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git-commit - Record your changes
'git-commit' [-a] [-s] [-v] [(-c | -C) <commit> | -F <file> | -m <msg>]
[--no-verify] [--amend] [-e] [--author <author>]
[--] [[-i | -o ]<file>...]
Updates the index file for given paths, or all modified files if
'-a' is specified, and makes a commit object. The command specified
by either the VISUAL or EDITOR environment variables are used to edit
the commit log message.
Several environment variable are used during commits. They are
documented in gitlink:git-commit-tree[1].
This command can run `commit-msg`, `pre-commit`, and
`post-commit` hooks. See link:hooks.html[hooks] for more
Update all paths in the index file. This flag notices
files that have been modified and deleted, but new files
you have not told git about are not affected.
-c or -C <commit>::
Take existing commit object, and reuse the log message
and the authorship information (including the timestamp)
when creating the commit. With '-C', the editor is not
invoked; with '-c' the user can further edit the commit
-F <file>::
Take the commit message from the given file. Use '-' to
read the message from the standard input.
--author <author>::
Override the author name used in the commit. Use
`A U Thor <>` format.
-m <msg>::
Use the given <msg> as the commit message.
Add Signed-off-by line at the end of the commit message.
Look for suspicious lines the commit introduces, and
abort committing if there is one. The definition of
'suspicious lines' is currently the lines that has
trailing whitespaces, and the lines whose indentation
has a SP character immediately followed by a TAB
character. This is the default.
The opposite of `--verify`.
The message taken from file with `-F`, command line with
`-m`, and from file with `-C` are usually used as the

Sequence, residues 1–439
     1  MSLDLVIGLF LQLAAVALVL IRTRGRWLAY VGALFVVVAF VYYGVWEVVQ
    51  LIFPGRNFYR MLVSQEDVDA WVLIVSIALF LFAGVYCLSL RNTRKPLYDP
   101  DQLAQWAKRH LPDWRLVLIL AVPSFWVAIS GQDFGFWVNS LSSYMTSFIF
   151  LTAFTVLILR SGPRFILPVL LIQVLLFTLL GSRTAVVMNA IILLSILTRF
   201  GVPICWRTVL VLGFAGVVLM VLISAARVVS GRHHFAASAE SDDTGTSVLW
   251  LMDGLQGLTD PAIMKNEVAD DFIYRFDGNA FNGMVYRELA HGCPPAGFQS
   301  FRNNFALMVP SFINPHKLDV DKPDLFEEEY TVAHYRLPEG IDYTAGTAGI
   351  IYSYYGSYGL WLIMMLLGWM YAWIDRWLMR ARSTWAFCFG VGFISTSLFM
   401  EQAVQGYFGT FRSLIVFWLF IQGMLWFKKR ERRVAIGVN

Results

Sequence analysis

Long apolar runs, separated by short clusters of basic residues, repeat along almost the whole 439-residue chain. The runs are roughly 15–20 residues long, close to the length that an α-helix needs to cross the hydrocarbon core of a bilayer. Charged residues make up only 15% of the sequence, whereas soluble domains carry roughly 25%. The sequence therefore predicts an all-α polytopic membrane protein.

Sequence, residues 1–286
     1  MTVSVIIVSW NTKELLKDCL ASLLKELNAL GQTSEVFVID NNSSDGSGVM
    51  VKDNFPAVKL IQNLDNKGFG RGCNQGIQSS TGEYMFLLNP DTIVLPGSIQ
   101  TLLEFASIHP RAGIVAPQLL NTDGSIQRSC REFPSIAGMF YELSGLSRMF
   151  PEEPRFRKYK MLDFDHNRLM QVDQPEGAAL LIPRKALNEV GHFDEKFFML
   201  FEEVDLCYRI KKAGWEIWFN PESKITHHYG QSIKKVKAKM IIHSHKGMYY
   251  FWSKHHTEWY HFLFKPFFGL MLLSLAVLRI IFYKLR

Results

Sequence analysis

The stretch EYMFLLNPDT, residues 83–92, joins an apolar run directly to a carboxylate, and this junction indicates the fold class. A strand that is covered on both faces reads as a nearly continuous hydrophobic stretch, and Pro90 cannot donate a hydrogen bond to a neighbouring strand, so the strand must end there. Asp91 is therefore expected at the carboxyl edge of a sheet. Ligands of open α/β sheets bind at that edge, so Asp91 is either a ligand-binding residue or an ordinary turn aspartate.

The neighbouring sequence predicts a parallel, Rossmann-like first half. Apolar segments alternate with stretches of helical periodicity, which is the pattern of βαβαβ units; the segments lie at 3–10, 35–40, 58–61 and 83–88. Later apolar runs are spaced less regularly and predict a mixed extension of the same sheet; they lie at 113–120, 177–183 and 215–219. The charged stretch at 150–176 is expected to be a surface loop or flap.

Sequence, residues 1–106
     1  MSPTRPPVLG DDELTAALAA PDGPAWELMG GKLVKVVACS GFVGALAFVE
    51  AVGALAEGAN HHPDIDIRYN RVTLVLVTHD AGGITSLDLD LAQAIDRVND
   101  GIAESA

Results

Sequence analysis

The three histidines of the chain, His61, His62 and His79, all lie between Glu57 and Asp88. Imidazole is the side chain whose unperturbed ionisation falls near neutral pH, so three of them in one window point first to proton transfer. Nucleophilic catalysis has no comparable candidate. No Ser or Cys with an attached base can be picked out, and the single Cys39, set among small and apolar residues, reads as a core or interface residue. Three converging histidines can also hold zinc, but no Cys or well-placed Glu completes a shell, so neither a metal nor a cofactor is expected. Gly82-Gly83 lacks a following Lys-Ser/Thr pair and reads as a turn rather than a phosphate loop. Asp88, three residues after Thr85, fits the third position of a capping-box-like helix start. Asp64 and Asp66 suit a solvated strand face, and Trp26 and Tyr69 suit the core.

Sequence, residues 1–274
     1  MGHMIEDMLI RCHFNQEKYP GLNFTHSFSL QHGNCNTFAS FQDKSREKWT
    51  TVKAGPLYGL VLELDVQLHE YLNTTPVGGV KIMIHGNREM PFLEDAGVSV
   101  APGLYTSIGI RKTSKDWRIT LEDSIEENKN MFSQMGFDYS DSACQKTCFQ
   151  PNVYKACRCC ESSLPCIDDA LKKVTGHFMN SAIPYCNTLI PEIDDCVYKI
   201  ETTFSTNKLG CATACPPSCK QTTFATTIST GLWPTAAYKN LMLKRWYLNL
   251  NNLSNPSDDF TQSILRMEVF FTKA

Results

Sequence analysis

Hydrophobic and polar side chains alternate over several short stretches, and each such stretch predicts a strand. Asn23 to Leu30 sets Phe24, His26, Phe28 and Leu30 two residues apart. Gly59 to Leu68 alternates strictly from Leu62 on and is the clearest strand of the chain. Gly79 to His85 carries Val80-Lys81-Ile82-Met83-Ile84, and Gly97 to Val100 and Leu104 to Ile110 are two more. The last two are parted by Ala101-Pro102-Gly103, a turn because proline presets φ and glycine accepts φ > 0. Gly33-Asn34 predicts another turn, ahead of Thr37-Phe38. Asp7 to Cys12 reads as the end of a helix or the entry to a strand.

commit log message unmodified. This option lets you
further edit the message taken from these sources.
Used to amend the tip of the current branch. Prepare the tree
object you would want to replace the latest commit as usual
(this includes the usual -i/-o and explicit paths), and the
commit log editor is seeded with the commit message from the
tip of the current branch. The commit you create replaces the
current tip -- if it was a merge, it will have the parents of
the current tip as parents -- so the current top commit is
It is a rough equivalent for:
$ git reset --soft HEAD^
$ ... do something else to come up with the right tree ...
$ git commit -c ORIG_HEAD
but can be used to amend a merge commit.
Instead of committing only the files specified on the
command line, update them in the index file and then
commit the whole index. This is the traditional
Commit only the files specified on the command line.
This format cannot be used during a merge, nor when the
index and the latest commit does not match on the
specified paths to avoid confusion.
Do not interpret any more arguments as options.
Files to be committed. The meaning of these is
different between `--include` and `--only`. Without
either, it defaults `--only` semantics.
If you make a commit and then found a mistake immediately after
that, you can recover from it with gitlink:git-reset[1].
`git commit` without _any_ parameter commits the tree structure
recorded by the current index file. This is a whole-tree commit
even the command is invoked from a subdirectory.
`git commit --include paths...` is equivalent to
git update-index --remove paths...
git commit
That is, update the specified paths to the index and then commit
the whole tree.
`git commit paths...` largely bypasses the index file and
commits only the changes made to the specified paths. It has
however several safety valves to prevent confusion.
. It refuses to run during a merge (i.e. when
`$GIT_DIR/MERGE_HEAD` exists), and reminds trained git users
that the traditional semantics now needs -i flag.
. It refuses to run if named `paths...` are different in HEAD
and the index (ditto about reminding). Added paths are OK.
This is because an earlier `git diff` (not `git diff HEAD`)
would have shown the differences since the last `git
update-index paths...` to the user, and an inexperienced user
may mistakenly think that the changes between the index and
the HEAD (i.e. earlier changes made before the last `git
update-index paths...` was done) are not being committed.
. It reads HEAD commit into a temporary index file, updates the
specified `paths...` and makes a commit. At the same time,
the real index file is also updated with the same `paths...`.
`git commit --all` updates the index file with _all_ changes to
the working tree, and makes a whole-tree commit, regardless of
which subdirectory the command is invoked in.
Written by Linus Torvalds <> and
Junio C Hamano <>
Part of the gitlink:git[7] suite